Clinical Study: Potential New Treatment for Stress Urinary Incontinence
Stress urinary incontinence is the most common form of incontinence in women under the age of 50. With this form of incontinence, involuntary urine leakage can occur during laughing, coughing or sneezing. A clinical trial is evaluating a potential new therapy for this condition that is based on research at Wake Forest Institute for Regenerative Medicine.
Open to women 18 to 75 years old, the study involves isolating muscle progenitor cells from a small biopsy of skeletal muscle. Progenitor cells are found throughout the body and are used to replace cells that are damaged or die naturally with age. The cells will be expanded in a special cell processing facility and then injected into the patient’s bladder neck sphincter region.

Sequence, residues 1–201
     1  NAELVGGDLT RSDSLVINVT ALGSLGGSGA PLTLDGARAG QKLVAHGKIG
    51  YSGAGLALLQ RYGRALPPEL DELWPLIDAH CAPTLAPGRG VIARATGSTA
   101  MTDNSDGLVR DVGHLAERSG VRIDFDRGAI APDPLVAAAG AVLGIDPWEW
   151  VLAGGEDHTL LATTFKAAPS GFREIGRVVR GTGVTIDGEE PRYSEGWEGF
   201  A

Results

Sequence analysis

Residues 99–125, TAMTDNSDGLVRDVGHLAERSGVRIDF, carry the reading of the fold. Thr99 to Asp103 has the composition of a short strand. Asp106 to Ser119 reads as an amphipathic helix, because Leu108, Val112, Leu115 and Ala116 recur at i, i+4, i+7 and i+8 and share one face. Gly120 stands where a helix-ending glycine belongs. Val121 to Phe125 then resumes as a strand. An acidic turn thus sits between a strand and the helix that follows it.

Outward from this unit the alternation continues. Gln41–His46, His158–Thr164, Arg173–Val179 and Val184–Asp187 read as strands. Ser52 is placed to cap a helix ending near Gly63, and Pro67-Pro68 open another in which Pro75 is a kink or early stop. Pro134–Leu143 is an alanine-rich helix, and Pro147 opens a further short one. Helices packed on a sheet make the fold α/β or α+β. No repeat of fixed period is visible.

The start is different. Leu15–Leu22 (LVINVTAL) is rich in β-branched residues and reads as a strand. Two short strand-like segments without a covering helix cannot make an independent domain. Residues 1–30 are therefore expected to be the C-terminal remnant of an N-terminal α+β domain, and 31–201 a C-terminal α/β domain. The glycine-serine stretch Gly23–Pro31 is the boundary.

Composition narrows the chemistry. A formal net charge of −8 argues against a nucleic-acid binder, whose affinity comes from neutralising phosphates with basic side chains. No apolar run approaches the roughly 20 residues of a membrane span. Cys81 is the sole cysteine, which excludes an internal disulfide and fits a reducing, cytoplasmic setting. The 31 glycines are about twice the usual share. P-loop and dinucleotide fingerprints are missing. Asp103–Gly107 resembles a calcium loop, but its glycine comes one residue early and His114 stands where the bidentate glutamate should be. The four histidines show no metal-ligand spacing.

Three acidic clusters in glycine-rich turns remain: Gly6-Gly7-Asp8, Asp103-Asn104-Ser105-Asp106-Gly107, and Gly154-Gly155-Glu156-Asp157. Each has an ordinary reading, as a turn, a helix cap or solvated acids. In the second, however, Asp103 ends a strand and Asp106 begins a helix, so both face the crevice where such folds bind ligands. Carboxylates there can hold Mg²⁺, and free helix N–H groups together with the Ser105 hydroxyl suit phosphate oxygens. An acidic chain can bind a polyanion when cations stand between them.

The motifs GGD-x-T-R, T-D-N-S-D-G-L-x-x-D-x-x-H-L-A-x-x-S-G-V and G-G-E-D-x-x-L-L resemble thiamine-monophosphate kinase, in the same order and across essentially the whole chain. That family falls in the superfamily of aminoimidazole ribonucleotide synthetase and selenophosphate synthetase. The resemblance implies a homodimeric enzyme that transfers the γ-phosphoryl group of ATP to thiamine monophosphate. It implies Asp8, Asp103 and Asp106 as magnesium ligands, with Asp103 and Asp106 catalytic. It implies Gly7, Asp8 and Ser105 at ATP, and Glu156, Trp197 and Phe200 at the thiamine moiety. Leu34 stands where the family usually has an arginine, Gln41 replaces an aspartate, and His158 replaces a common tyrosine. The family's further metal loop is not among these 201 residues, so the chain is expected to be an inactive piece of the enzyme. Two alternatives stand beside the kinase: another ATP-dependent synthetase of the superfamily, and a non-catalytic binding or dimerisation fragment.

Once injected, the cells remain in the body and it is believed that they will provide increased resistance at the bladder opening. Similar treatments have been performed in animals and were found to be safe and show improvement.
All participants will be followed at 1 week, 6 weeks, 3 months, 6 months and 12 months post-injection. The study is evaluating safety as well as changes in incontinence based on number of incontinence episodes and pads used per day and quality of life. Patients will be compensated for their time.
For more details on the study, including detailed inclusion and exclusion criteria, please visit www.clinicaltrials.gov (study ID number: NCT01953315), or contact the study coordinator, Mary-Clare Day, RN, BSN, at 336-713-1343 or email@example.com